Where Did All the Perfect Families Go?

Marsh Family Pic
 “I have my moments of deep discouragement. I have to go to God in prayer with tears in my eyes, and say, ‘O God, forgive me,’ or ‘Help me.'” – Billy Graham


We all know there are no perfect families. Adam and Eve, the couple with the best opportunity to earn a perfect score, couldn’t do it. They wound up law breakers and evicted from their home. One of their sons eventually murdered his brother. Not even close to perfect. You’ll have a difficult time finding examples of any perfect families in the Bible.

With Billy Graham’s earthly journey now complete, there is rightly a lot of reflection and honor being given to his remarkable life. I consider Billy Graham one of the greatest men of all time, and personally put him up there near the Apostle Paul.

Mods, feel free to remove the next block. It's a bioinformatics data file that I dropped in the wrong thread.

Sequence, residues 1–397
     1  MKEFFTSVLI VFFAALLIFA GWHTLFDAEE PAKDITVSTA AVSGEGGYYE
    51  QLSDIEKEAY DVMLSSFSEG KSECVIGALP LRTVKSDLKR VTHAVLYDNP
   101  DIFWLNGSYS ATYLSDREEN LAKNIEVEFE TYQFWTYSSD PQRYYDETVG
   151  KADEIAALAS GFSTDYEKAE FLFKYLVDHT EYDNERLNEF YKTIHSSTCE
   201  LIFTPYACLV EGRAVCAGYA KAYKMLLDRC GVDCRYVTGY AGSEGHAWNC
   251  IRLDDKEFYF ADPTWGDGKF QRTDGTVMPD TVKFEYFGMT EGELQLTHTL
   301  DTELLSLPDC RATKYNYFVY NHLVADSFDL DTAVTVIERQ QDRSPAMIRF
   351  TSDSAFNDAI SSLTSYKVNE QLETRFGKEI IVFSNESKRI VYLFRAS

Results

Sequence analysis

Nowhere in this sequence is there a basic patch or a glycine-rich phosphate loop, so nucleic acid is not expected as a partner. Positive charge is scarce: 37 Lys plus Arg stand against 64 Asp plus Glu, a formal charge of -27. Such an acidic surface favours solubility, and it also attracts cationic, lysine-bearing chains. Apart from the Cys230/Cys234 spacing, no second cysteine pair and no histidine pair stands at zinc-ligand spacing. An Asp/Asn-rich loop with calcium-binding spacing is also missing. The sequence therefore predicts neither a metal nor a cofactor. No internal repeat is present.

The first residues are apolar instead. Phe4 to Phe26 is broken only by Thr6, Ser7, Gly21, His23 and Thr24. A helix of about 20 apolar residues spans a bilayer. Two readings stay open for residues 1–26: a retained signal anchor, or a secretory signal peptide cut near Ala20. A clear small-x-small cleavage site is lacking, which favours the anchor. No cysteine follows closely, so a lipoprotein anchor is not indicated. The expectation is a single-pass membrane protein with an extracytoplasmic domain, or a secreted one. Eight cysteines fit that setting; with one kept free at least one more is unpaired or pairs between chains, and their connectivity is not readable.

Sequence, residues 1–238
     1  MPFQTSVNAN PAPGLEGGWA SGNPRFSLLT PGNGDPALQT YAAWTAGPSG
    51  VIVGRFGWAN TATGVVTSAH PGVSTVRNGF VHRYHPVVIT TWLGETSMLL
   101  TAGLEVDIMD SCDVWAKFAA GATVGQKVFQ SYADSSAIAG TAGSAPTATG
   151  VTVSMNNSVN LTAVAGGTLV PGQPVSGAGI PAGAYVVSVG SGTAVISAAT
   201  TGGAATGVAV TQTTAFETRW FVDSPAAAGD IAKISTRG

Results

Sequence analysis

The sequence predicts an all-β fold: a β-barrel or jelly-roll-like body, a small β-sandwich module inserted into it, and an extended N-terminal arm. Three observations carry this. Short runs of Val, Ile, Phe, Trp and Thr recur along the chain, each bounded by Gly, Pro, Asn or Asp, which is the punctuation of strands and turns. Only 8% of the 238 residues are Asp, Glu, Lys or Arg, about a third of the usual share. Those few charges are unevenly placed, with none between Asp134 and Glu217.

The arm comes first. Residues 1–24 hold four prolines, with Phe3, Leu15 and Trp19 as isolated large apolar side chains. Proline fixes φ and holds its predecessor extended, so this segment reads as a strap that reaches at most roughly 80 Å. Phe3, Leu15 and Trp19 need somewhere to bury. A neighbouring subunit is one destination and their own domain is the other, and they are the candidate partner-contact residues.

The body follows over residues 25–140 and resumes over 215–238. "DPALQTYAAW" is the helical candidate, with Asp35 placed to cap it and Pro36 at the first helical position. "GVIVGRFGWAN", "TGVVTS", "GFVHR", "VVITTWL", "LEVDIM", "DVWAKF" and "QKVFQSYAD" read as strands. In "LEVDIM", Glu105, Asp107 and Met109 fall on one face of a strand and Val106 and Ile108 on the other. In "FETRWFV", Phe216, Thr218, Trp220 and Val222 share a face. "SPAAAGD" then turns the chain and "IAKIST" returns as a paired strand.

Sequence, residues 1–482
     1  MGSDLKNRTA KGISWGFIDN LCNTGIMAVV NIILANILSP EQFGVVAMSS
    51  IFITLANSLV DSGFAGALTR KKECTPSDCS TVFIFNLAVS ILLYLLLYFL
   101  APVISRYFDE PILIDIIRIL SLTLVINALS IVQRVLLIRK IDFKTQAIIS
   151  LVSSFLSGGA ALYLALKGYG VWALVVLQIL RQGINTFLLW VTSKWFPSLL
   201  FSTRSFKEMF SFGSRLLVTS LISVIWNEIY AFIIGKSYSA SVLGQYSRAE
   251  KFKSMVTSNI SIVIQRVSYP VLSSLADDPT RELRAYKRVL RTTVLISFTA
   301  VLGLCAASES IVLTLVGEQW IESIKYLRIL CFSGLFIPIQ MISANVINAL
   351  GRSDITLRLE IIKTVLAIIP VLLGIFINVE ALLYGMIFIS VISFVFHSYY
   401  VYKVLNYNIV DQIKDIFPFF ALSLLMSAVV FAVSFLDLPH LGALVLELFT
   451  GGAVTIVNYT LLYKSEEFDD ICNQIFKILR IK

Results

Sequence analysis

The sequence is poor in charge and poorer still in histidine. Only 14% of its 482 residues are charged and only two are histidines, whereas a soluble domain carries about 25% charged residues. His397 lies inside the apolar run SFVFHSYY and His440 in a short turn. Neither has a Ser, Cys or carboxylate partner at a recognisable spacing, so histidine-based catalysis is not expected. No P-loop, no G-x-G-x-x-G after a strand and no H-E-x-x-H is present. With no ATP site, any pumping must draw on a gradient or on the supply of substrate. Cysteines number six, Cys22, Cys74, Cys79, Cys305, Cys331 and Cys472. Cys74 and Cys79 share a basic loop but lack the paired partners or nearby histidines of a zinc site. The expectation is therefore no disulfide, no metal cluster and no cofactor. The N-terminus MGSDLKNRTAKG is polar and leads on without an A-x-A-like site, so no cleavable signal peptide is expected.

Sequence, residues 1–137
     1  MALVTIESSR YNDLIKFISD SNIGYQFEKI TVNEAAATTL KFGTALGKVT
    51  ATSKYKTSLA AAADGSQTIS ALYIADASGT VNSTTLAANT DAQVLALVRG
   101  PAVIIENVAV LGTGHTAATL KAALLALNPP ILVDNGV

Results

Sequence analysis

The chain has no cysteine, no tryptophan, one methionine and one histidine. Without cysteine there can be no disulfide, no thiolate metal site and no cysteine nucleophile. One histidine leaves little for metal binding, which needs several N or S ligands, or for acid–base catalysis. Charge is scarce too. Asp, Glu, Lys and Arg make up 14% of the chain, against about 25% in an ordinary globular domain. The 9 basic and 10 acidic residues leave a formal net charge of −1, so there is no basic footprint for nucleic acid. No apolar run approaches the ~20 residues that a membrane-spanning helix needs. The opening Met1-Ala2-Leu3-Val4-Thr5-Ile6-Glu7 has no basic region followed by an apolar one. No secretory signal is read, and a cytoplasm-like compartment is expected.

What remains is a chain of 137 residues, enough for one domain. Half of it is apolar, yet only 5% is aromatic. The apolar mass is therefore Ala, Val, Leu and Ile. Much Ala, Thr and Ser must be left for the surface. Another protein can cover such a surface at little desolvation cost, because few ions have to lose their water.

As great as God made Billy, he was far from perfect. As a husband and dad, he gave priority to his work and spent most of his time away from his wife and children. It took a toll on his family. Some of his children struggled with drugs and alcohol. Three of five children suffered through divorces. Understandably, plenty of imperfections.

Billy Graham’s life is a reminder to me of how God uses imperfect people with imperfect families for his perfect purpose. Billy gave his life to sharing the message of the saving grace of Jesus Christ because Jesus is the only One who can save and heal the world from its sin and imperfections. I’m glad God used and continues to use the less-than-perfect Graham family. And so are the millions of mothers, fathers and children that Billy reached for Christ.

Don’t be discouraged by your family’s faults. God can and will overcome those imperfections for his purpose as you continue to commit yourself and your family to him.

Taste and See—This is Really Good

Disney Pic

“Taste and see that the LORD is good… those who seek the Lord lack no good thing.” –Psalm 34:8, 10